At age 16, most teenagers are worried about homework.
For Judah Tyreman of Radisson, Sask., his biggest concerns are running his business, The Sesula Mineral and Gem Museum, and penning his second book, The Richest Kid in Babylon.
It’s the young author’s second book based on financial advice, following his first book, which is available on Amazon, Reviving the Art of Innovation.
The biggest difference between the two books is that his latest literary offering is fictional — a choice Tyreman made to create a book of financial advice that would be easier for a younger audience to digest.
“I wanted to make it more of a lighter read, more of a story,” Tyreman said. “I found for other people that it was a lot more difficult to read and pay attention to, especially with people having lower attention spans these days.”
His latest work is set in ancient Babylon, and tells the story of a street smart kid who is schooled in the art of finance by a wealthy and wise old man. Tyreman hopes that people are drawn into the book’s world, all while learning lessons alongside the main character.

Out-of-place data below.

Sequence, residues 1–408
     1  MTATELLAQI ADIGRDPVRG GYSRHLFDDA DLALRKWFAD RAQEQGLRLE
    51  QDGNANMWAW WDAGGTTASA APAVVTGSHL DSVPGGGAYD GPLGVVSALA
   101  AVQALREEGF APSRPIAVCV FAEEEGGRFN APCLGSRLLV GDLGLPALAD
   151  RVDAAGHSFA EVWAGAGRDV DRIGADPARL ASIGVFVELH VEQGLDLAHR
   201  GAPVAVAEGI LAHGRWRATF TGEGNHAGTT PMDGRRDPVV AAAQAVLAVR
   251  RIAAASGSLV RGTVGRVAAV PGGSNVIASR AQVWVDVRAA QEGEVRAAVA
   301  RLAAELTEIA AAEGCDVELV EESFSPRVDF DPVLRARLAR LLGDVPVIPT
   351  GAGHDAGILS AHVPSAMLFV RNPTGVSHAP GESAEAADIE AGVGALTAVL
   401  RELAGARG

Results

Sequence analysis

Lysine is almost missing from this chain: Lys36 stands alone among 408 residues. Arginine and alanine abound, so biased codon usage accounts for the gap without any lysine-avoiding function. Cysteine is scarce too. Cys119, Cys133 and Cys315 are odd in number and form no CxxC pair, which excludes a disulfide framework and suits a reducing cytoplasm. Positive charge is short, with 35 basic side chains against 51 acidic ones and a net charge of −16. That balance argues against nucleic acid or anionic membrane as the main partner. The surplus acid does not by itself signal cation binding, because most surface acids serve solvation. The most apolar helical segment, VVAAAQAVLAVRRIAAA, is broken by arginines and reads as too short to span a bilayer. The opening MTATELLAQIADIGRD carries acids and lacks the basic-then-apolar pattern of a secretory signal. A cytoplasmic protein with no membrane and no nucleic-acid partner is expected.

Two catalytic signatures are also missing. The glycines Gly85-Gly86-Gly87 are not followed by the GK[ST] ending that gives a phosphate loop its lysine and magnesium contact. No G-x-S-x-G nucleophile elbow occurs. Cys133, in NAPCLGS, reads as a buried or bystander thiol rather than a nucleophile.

“Conveying information in more of a story-based (book), I find bonds with people a lot better,” he said.
He also ventured out to make this book easier to read by a larger audience — an important concept for the teen, who is dyslexic.
“I tried to space it out as much as I could to make it a more lighter, simpler read … so, it’s easier to not lose track as you’re reading through it,” he said.
While he considers his first book a success, he has even higher hopes for The Richest Kid in Babylon.
Tyreman wants to have it taught in schools, as opposed to making a large profit off of it — a belief instilled in him from a Hebrew saying, “Tikkun olam,” which he says means heal the earth.
“It’s just making everything better,” he said. “It’s planting a garden and just seeing it grow is fulfilling enough.”
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